When I got my D40, it was bundled with the 18-55 and 55-200 kit lenses, and at the time it was only $50 more than buying just the D40 body. Usually they’re only bundled with the one 18-55 lens for that price point, so it wasn’t a deal I could pass up :)

  11. gkpeter July 24, 2010 at 10:53 am -

    As with all of your videos, they are very helpful. What I notice happens is there is always a discussion concerning lenses. You are using a $400 camera with $1700 lenses (In some cases). I really understand the importance of the 2.8 aperture (You gave Gizzy your 24-70mm/2.8 for a reason at the concert shoot, all of his photos were at 2.8), however, I can not afford the Nikon versions of these. This is part of the reason I would purchase the D3000 or D5000, cost. I can afford a $500 Tamron 28-75mm/2.8, but not an $1700 Nikon 24-70mm/2.8. I do understand the prime options. So, the question is; “What exactly am I sacrificing with the Tamron over the Nikon?” or “What am I gaining with the Nikon over the Tamron?” I think this would be a great series of videos that I think would help a number of individuals. Especially if you have access to these lenses at Allen’s. Just a thought, keep up the great videos!! I am learning tons.

    • Jared Polin July 24, 2010 at 11:27 am -

      @gkpeter great question very valid point. I will do a video on these type of lenses and the difference in the two. The major difference will be quality, the top of the line nikon and canon glass will be built much better and be more reliable than the tamron or sigma. The way I look at it is when i didnt have a lot of money I saved up to buy the best nikon glass. I did not want to use the sigma or tamron because i knew the quality of the nikon glass was so much better. I always looked at it as why spend 800 for a 70-200 sigma that I may need to replace in 2 years with the nikon. I buy the best of the best because its going to last in my opinion.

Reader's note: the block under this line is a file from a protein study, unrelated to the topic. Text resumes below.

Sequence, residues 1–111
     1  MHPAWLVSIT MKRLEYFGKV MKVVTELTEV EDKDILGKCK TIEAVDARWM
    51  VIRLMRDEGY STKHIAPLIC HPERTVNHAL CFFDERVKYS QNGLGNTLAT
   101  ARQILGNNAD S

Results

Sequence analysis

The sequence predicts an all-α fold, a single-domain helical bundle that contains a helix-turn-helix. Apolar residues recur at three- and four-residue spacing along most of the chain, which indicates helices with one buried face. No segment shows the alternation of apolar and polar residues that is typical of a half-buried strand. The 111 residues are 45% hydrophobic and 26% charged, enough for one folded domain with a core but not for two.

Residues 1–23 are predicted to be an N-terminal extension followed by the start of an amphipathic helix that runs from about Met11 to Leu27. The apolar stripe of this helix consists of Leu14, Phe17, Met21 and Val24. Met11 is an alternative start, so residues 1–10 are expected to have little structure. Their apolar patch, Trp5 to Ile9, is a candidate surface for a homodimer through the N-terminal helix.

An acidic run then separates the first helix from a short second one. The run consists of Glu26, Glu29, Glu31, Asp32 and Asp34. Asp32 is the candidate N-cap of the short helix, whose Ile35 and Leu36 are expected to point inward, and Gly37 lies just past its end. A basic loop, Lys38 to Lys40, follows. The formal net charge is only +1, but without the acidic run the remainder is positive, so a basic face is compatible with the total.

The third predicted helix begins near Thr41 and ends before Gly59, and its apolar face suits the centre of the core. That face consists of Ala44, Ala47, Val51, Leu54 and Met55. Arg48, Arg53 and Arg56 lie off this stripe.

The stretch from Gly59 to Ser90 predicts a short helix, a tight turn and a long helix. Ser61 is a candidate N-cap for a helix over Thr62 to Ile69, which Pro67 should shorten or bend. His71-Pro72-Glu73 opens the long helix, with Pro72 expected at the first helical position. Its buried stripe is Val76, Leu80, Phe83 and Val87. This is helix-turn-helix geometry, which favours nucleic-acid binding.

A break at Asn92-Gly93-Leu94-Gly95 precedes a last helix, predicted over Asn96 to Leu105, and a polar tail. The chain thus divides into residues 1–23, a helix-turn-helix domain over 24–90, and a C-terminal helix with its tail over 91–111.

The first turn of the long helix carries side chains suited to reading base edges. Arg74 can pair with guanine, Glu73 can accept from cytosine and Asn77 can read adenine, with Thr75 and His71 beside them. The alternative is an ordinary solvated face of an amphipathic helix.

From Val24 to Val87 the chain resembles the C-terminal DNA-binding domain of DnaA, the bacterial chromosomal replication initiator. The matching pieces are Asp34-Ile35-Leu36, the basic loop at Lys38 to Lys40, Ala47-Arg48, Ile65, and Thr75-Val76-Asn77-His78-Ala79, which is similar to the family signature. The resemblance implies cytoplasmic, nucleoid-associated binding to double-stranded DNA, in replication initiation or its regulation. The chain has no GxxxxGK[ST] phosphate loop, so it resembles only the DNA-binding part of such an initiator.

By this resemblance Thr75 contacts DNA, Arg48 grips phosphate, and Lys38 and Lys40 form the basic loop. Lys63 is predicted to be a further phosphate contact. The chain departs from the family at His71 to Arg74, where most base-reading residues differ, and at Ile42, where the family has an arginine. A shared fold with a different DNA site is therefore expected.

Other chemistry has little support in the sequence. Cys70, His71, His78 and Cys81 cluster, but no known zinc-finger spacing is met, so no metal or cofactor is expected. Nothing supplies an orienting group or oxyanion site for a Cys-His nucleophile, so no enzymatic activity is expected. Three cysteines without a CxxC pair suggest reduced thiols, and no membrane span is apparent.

Gizzy also has a 70-200 sigma 2.8 which he used for the show. For starters I have no issue with getting some 2.8 glass to hold you over as you save up. I know you will be able to get almost as much as you put into that glass when you decide to sell or trade it.

      Great questions maybe I will go over to allens today and talk about third party glass.

  12. Jenny July 24, 2010 at 10:54 am -